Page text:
Why are SPACs so Popular? Shay Benhamou Sheds Light on their Advantages
In the last decade, there has been a dramatic increase in the use of special purpose acquisition companies (SPACs) as a suitable method for taking companies public. There are critics that may talk about the risks associated with SPACs, but then again, every investment comes with risks. According to Shay Benhamou, there are a number of cases where the advantages offered by SPACs often outweigh the risks. Furthermore, the features associated with these types of investment vehicles give target firms and investors opportunities in reverse merger transactions that are far greater than those associated with traditional reverse mergers.
If you are planning on using a SPAC, then you should bear in mind how to avoid being a penny stock. As per Shay Benhamou, this means that you will need to raise at least $5,000,000 after all fees and expenses, which include those that are paid to the promoters. Likewise, you also need to prove a trading price of more than $5, which requires an underwritten offering in almost all cases. If you are wondering what benefits a SPAC can offer, to the investor and to the target, Shay Benhamou has shed some light on them below:
Advantages for Investors
One of the first benefits that SPACs offer to investors is that the funds raised are kept in escrow. The entire lump sum is immediately placed into escrow and earns a small amount of interest while awaiting a merger. According to Shay Benhamou, this can significantly reduce the downside risks. What’s the worst that could happen? A deal would never be made, which means the investor will not be able to make the 5% or 10% return they were expecting and only receive a couple of points above zero. Nonetheless, there is an upside possibility if they find a good merger candidate and the risks seem worth it because the downside remains protected.
Another perk that investors in SPAC enjoy is that they have the option of trading both their warrants and stocks during as well as after the interim stage, while they are awaiting a reliable target company to merge in. As per Shay Benhamou, the stock does dip a bit in a reverse merger deal and this is primarily because the expenses incurred in setting up a SPAC put some strain on the resources of the shell. But, between the time a SPAC is created and any time after, an investor has the option of selling their stock.
After the announcement of the deal, the stock typically goes back to the value before the merger announcement. In fact, Shay Benhamou states that investors can sell their shares and avoid the loss of having to sell them at cost and then hold the warrants. In the event that they make a good deal, this could still give some good returns, resulting in a win-win situation. One of the best things about SPACs is that they come with a time limitation. The SPAC team has to find a target within two years and even though there is still illiquidity and lock-up until the merger happens, but it is limited.
Most importantly, if the deal doesn’t happen between the investors and management, then the initial funds are returned. In a venture capital, people come in and invest their money in a ‘blind pool’ that’s used for investment by the VC fund management team. But, Shay Benhamou highlights that a SPAC is different because it provides investors with the option of having greater input in the investment themselves. Sure, the investors don’t choose the deals, but they have the option of opting out of any target opportunity and getting their funds back.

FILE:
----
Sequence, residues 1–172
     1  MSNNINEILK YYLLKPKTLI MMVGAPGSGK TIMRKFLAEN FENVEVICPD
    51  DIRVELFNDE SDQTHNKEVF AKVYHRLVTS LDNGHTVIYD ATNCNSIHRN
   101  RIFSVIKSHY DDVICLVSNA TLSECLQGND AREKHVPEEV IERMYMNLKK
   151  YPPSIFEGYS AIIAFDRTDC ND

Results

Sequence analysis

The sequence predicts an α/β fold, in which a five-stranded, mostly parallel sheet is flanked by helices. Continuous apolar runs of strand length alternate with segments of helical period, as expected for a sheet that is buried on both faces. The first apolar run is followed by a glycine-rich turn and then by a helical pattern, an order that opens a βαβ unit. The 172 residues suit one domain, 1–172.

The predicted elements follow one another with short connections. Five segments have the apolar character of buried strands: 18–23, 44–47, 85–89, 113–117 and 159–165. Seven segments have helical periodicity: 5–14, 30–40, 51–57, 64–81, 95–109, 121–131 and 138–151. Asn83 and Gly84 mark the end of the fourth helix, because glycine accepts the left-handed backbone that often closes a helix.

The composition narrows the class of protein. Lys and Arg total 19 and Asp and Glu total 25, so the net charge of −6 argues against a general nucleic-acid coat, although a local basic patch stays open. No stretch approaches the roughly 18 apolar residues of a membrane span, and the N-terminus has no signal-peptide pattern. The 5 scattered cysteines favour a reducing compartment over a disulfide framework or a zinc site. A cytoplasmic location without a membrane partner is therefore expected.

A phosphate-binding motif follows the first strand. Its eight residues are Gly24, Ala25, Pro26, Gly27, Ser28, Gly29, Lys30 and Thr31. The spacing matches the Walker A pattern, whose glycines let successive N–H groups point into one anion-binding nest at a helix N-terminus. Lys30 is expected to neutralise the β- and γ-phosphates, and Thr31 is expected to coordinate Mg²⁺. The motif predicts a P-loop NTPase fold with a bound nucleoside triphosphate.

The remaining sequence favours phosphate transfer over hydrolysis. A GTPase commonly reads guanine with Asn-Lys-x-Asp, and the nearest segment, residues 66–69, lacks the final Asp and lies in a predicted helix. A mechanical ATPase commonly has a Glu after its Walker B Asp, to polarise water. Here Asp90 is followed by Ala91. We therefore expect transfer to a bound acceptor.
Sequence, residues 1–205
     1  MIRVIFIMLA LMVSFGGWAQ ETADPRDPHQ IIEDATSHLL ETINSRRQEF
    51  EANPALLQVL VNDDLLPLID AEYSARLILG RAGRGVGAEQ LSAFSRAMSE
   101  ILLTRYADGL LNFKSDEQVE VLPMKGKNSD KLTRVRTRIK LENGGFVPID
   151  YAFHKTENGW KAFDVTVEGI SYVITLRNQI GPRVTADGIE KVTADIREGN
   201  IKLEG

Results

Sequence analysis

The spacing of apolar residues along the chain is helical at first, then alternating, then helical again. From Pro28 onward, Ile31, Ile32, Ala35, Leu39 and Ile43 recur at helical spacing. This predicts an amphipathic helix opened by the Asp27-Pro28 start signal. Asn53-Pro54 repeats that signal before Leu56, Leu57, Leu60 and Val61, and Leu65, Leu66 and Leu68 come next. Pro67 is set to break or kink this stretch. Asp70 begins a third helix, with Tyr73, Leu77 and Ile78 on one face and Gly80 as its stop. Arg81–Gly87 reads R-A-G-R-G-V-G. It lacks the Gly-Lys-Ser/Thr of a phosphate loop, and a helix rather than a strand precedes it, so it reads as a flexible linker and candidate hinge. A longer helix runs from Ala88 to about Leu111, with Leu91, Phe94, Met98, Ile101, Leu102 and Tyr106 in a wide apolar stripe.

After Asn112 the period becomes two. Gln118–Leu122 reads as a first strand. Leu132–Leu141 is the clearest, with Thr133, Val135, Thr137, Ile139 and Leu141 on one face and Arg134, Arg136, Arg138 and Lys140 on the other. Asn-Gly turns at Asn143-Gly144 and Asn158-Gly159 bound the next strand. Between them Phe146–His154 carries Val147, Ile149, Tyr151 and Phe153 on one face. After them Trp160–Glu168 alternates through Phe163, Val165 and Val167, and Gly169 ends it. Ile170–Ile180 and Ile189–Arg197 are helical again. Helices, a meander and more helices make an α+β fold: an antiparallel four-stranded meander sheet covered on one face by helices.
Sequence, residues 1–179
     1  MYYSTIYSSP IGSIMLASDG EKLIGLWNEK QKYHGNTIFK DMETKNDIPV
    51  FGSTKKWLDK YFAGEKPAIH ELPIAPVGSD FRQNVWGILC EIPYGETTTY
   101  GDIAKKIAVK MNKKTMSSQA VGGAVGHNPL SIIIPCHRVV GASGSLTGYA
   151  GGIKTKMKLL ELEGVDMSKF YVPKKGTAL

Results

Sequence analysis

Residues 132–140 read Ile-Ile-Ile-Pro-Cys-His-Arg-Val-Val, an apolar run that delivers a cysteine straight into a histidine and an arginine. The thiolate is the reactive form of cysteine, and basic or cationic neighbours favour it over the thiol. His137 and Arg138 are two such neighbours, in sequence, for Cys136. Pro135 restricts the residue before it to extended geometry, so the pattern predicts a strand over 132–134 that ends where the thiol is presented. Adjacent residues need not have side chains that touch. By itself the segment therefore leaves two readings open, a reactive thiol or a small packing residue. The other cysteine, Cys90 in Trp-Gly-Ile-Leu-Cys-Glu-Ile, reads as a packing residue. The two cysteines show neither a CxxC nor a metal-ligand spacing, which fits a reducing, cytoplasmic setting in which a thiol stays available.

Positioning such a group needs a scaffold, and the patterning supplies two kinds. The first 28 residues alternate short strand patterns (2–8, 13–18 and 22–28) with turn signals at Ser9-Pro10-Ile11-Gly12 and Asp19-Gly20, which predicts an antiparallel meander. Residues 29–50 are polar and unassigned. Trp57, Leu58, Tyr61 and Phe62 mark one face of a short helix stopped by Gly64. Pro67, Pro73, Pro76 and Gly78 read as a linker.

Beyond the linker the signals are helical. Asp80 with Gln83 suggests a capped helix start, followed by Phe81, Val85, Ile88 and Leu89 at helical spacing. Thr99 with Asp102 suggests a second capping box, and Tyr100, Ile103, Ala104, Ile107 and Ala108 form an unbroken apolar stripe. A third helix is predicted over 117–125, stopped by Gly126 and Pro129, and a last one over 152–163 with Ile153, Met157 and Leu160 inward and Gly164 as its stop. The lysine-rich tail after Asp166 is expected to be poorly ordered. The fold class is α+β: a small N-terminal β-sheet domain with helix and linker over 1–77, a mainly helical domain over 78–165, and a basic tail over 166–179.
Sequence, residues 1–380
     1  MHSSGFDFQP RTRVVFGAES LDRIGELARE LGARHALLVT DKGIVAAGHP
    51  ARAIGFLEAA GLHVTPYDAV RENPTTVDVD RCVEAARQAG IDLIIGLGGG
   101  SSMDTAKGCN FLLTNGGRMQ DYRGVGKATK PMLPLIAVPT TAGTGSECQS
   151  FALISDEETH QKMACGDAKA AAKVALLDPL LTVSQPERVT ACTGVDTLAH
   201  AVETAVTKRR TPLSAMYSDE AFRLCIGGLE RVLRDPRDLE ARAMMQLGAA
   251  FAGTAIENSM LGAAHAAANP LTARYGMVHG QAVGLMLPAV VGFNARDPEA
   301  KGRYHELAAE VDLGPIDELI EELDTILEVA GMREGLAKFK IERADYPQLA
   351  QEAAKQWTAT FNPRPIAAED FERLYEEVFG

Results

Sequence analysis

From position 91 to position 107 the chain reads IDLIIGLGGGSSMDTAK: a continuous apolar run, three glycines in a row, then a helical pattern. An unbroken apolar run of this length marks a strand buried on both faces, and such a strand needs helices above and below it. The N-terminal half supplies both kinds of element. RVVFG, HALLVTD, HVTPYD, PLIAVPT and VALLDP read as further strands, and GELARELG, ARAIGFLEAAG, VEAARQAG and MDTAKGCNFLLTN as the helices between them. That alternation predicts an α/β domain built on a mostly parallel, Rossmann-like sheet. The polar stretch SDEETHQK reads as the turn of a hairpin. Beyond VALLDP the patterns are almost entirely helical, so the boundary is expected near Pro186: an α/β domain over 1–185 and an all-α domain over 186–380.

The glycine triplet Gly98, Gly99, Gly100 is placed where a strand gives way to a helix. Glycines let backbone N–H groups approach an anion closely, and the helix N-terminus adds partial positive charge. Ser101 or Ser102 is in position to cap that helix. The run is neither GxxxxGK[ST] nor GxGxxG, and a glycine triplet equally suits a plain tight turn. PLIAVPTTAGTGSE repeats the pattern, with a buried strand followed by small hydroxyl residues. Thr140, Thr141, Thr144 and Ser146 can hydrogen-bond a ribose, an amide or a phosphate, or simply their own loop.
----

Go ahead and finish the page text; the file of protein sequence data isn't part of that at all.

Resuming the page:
Furthermore, investors also have the ability of voting on any opportunity that’s identified as a target in a reverse merger transaction. Thus, Shay Benhamou states that the best advantage that an investor can get in a SPAC deal is the ability of saying yes or no in an investment decision, a feature that’s very different from the blind pools involved in venture capitals.
Advantages for Targets
Going for a SPAC rather than a traditional reverse merger, a traditional IPO or self-filing, needs an in-depth understanding into the benefits a SPAC can offer to a target company. It is a well-known fact that reverse mergers are always faster and cheaper than IPOs and Shay Benhamou says that SPACs offer even more benefits than a traditional reverse merger. In a standard SPAC transaction, underwriters have already raised the money, which means negotiations with them are mostly unnecessary.
Timing is of the utmost importance in a traditional IPO and missing the correct ‘window’ can make the difference between a failed and successful IPO. As per Shay Benhamou, this worry is eliminated where a SPAC is concerned because this market is always active. In fact, it can be more so, particularly after the IPO window is closed due to macro shocks or financial instability. There is no worry about failing to raise the capital via institutional investors, or changing the price of an offering because all of this is done when the SPAC has raised the money and placed for holding.
When a SPAC merger happens, the management team often retains at least one key individual for an active role in the company or as a key consultant on the board. Shay Benhamou says that this is helpful in mitigating the risk of the company not meeting investors’ objectives after the deal is consummated. In addition, there are a lot of smaller companies that don’t qualify for an IPO traditionally, which means a SPAC is a good option for those that don’t make the cut, but still have substantial growth potential aspects. Lastly, SPACs also have a significant amount of cash and even if it is less than $5 million, it is enough to result in immediate capital appreciation as well as value for the target company that’s involved in the transaction.
Thus, SPAC allows target companies to enjoy the benefits of self-filing without having to go through a capital-raising event.